Nevertheless, some compensation (if it is the right word to describe) was found as Javed and I visited the small library of the mosque and discovered a photocopied version of the Heer compiled by Waris Shah in manuscript. The original version, ironically has been taken away by the Punjab Archaeology Department to be confined to a place inaccessible to general public.
The Parnami Mandir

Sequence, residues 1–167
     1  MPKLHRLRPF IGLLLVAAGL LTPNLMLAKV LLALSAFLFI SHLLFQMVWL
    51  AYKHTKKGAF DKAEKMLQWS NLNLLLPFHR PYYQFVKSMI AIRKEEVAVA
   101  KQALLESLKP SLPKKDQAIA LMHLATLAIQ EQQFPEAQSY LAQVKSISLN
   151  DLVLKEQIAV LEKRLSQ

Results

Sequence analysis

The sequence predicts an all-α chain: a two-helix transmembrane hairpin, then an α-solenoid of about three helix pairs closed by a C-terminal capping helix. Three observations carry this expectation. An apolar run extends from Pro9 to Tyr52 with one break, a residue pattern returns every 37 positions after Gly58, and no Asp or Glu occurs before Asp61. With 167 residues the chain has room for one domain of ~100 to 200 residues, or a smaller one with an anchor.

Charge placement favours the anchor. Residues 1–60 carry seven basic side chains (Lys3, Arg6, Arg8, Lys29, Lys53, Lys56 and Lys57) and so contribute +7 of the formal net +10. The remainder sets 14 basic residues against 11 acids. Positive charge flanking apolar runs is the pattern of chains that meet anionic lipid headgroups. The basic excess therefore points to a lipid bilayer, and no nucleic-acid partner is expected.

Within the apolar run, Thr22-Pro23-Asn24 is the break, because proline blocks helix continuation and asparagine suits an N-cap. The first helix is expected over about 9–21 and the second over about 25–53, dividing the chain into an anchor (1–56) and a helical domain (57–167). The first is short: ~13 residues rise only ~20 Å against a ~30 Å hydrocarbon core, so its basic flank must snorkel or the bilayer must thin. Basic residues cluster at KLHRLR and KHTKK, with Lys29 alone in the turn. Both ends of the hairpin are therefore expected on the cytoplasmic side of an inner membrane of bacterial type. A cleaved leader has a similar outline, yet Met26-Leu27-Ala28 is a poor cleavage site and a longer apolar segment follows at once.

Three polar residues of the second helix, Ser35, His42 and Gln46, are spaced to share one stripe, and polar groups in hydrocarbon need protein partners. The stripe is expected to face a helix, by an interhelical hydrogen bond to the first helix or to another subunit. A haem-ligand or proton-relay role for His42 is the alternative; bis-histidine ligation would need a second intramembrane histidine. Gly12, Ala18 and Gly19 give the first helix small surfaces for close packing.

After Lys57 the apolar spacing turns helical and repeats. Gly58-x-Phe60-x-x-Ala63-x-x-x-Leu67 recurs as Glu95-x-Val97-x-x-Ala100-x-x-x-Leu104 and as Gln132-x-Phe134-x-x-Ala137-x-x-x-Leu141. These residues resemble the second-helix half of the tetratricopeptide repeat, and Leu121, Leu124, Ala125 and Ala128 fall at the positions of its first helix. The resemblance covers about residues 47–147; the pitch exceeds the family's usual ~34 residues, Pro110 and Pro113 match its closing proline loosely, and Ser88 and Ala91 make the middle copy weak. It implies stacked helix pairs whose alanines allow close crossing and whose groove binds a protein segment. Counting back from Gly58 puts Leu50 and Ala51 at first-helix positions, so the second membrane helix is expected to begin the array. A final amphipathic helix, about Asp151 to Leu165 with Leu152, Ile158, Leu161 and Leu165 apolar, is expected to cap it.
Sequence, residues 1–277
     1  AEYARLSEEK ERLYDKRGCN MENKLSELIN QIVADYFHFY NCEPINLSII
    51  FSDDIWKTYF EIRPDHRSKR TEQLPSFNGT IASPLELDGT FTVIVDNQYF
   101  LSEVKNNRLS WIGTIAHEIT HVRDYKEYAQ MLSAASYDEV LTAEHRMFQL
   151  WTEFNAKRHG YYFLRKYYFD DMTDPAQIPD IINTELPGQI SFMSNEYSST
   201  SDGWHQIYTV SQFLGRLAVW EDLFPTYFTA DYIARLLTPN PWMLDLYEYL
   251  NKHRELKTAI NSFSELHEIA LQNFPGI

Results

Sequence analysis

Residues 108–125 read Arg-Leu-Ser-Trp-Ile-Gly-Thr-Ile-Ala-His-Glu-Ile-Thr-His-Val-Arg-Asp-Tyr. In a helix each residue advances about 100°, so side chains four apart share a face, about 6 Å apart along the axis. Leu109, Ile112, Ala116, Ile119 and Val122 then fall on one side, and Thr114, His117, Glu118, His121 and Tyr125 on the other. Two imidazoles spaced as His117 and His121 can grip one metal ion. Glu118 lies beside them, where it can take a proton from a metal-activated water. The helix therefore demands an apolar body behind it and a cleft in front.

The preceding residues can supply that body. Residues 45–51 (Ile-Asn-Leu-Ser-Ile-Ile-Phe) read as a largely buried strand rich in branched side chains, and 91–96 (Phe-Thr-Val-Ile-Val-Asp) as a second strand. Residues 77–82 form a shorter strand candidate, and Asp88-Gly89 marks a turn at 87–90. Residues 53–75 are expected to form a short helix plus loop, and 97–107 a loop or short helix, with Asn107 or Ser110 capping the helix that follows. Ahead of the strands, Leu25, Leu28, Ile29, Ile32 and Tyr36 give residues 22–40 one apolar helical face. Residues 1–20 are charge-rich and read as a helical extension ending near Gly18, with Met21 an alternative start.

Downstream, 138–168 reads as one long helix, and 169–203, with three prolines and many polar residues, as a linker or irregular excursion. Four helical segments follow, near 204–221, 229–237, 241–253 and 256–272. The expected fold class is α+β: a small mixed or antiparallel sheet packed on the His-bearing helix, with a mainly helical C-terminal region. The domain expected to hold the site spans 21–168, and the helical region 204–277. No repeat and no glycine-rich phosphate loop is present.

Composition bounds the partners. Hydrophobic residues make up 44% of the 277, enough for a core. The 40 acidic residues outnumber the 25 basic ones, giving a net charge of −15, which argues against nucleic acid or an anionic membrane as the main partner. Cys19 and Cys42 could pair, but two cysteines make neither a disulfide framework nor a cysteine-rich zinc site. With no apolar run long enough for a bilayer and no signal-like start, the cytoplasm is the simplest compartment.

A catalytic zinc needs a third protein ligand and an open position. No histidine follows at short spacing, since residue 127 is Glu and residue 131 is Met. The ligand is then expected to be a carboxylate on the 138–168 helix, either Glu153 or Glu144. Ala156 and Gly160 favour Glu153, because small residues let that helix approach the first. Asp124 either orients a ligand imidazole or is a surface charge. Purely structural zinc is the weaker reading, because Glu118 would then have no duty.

As we strolled our way around the mosque and hujra of Waris Shah, I caught a glimpse of a temple shikhara that was quite prominent just across the rows of intervening houses. At first sight it gave itself away as some ancient Hindu temple, and here, one of Javed’s friends intervened to inform me that the place was an old temple-residence complex of a Hindu merchant from the times of Waris Shah. The real twist in the tale was the daughter of the merchant named Bhag Bhari, who inspired our saint Waris Shah through her looks and was herself inspired by him. Bhag Bhari in a way, became the inspiration of the magnificent story of Heer compiled by Waris Shah. As the tale was being told, I got the clues that the events were inspired by the screening of one of the recent Punjabi films of Indian origin. Regardless of Bhag Bhari and her presumed role in the qissa of Heer, I was more inclined to explore that temple cum residential compound that must have had a history to unfold.